Are you suggesting that the density of space inside our solar system varies from one side of the sun to the other? Because the Sun most definitely bends light so that stars that should be not visible (blocked by line of sight) are, and the amount of bending is twice what Newton predicted.
nxent
not rated yet Mar 21, 2013
I thought the difficulty of the n-body (or 3 body) problem wasn't so much an issue of a finding a repeating pattern as it was predicting their exact positions as a function of time...
lengould100
1 / 5 (3) Mar 22, 2013
Q-Star. You seem to have an incomplete or incorrect idea of what gravitational lensing is. It IS the FACT that a group of photons on an original path on which they would bypass earth completely, get redirected BY THE GRAVITY of a high-mass object along their path into the aperture of our telescopes. From Berkley website re. Edington's test of Einstein's propositions "The photos revealed that the sun's gravity did indeed change the path of nearby starlight".

http://undsci.ber...eriments

Now, you appear to subscribe to some sort of theory that gravity can deflect photons even though they are massless, by some mechanism which only photons can respond to. Your proposed mechanism appears to be "distortion of space-time in a manner which only affects photons", probably because you are committed to the position that photons must be massless in order to achieve the velocity C without infinite expenditure of energy. {cont'd}
lengould100
1 / 5 (3) Mar 22, 2013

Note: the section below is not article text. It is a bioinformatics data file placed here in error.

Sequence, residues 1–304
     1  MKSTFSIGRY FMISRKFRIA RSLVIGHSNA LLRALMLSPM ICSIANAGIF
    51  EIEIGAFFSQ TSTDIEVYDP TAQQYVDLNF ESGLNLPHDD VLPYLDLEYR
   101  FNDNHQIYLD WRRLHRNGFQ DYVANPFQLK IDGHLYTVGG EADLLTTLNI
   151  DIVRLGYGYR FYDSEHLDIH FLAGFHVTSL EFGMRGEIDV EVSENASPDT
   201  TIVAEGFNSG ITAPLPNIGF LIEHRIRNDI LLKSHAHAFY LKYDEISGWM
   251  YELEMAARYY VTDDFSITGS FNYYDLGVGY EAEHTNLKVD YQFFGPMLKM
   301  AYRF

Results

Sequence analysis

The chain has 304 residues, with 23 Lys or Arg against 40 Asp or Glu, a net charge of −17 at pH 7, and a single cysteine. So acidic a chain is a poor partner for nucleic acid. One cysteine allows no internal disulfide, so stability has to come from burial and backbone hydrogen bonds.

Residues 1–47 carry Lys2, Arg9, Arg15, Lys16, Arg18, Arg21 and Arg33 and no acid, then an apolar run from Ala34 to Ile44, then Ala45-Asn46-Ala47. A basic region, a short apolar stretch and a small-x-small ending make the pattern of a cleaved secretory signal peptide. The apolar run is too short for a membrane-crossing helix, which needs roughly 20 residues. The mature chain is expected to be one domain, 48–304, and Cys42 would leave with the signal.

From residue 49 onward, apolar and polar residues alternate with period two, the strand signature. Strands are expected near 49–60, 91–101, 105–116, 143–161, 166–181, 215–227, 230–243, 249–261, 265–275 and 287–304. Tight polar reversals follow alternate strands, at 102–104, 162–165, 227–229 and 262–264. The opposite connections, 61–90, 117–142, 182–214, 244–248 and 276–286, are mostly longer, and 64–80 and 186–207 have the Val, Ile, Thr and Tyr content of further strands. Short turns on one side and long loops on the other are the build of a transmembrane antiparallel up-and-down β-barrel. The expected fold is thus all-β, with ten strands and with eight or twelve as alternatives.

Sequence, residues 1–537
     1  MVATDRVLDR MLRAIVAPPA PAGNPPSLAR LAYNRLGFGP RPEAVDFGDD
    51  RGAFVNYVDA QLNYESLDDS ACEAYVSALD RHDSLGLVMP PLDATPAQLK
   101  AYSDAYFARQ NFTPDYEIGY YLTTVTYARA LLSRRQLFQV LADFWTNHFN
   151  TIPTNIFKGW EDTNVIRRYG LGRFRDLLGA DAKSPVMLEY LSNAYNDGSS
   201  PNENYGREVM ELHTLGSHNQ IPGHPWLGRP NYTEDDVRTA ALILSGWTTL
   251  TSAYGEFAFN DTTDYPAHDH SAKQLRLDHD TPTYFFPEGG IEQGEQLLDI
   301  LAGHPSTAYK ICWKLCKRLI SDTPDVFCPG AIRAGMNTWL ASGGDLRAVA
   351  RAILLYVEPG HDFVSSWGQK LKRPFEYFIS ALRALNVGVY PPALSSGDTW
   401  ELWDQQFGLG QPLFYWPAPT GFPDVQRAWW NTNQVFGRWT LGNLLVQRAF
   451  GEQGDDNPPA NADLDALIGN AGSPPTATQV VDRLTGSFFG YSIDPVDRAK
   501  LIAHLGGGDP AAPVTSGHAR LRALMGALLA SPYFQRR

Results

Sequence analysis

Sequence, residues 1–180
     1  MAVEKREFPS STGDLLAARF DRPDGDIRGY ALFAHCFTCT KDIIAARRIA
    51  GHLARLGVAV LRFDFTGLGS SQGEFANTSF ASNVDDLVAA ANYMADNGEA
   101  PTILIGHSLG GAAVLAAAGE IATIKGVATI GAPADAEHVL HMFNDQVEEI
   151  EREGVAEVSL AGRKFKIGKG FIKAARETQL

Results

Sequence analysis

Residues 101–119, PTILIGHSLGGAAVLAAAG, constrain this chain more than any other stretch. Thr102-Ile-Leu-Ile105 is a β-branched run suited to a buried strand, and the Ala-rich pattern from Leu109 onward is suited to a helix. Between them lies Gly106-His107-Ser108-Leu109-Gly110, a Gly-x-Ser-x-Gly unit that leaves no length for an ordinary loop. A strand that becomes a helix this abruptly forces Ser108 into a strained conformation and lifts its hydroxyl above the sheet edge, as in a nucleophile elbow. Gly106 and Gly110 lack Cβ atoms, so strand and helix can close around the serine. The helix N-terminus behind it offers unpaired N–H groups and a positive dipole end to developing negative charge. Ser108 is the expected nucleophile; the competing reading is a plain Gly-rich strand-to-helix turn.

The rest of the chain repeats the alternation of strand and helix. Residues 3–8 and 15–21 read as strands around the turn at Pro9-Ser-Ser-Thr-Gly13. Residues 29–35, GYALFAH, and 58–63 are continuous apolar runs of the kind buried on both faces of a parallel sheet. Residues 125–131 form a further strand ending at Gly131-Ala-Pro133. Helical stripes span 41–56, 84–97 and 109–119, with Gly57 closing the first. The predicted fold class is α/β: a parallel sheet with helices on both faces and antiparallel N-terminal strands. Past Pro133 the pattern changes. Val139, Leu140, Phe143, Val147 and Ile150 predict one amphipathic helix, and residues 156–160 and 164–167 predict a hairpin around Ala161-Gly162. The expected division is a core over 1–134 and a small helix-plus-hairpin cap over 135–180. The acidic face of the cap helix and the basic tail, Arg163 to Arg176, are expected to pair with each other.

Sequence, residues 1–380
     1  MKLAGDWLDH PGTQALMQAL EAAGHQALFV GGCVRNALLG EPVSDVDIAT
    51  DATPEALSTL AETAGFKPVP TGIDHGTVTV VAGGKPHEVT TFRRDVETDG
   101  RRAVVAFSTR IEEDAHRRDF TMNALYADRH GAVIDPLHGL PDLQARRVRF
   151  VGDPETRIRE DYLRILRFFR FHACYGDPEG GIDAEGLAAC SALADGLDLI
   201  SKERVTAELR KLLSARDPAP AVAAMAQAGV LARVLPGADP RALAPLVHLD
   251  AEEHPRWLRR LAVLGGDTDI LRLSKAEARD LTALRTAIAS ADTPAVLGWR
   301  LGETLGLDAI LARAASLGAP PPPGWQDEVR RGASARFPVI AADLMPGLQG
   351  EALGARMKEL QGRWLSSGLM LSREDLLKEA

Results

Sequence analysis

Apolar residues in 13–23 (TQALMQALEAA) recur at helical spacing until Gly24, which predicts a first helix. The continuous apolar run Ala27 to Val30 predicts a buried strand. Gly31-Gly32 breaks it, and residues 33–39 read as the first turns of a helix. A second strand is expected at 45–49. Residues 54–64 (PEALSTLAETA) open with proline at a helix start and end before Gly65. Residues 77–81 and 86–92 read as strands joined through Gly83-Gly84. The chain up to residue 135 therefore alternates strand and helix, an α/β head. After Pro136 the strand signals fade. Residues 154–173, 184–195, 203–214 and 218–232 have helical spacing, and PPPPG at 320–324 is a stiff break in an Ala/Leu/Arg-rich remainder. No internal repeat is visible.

{cont'd} I would respect your position a lot if you can declare that you have actually done the calculations yourself to determine what the effects would be on current theories if photons actually were assigned sufficient mass to account for their bending by gravity, and found the result impossible. Have you?
Whydening Gyre
1 / 5 (8) Mar 22, 2013
Are you claiming that light cannot be actually attracted by gravity into a black hole? I'm calling bs on that (along with e.g. Hawking etc.). Citation please.


Attracted into? Yes I'm claiming it can not. Light(photons) is a massless particle, it doesn't respond to gravity, in the same way an object with mass does, it responds to the spacetime that the massive objects warps.

For photons to be attracted TO mass, then ya would have to propose a mechanism for light to have it's velocity to change in a vacuum of spacetime, but we are very certain that "c" is a universal constant. So far no observations have hinted otherwise. It's one of the most precise & invariant constants we've ever measured.

Black holes can't suck light in, "c" is too great for that. Light can not escape the event horizon because the required escape velocity at that point is greater than "c".

Wow, Q. That is as correct a statement as I will ever read(at least in my left-handed mind). (cont)
Whydening Gyre
1 / 5 (8) Mar 22, 2013
(cont)
Your described bond tween photons and "space/time" is exactly the way I see it. Gravity has nothing to do with lensing, but the warping of space time with matter does - yowza. Makes the thought of gravity being a property of matter interacting with other matter, as opposed to the idea of gravity already just being there, even more appealing...
Reg Mundy
1.4 / 5 (9) Mar 23, 2013
@EJAT
If you think about the density of matter in the vicinity of, say, a black hole, it stands to sense that you will encounter more matter, e.g. hydrogen, if you are near to it than if you were further away. Classic lens formation from a gas.
Same applies to increasing gas density on approaching Sol.
Incidentally, I hope you can think back to when you discovered the presents under the tree "from Santa", 'cos that's the feeling you're gunna get when the penny drops about gravity... but in spades.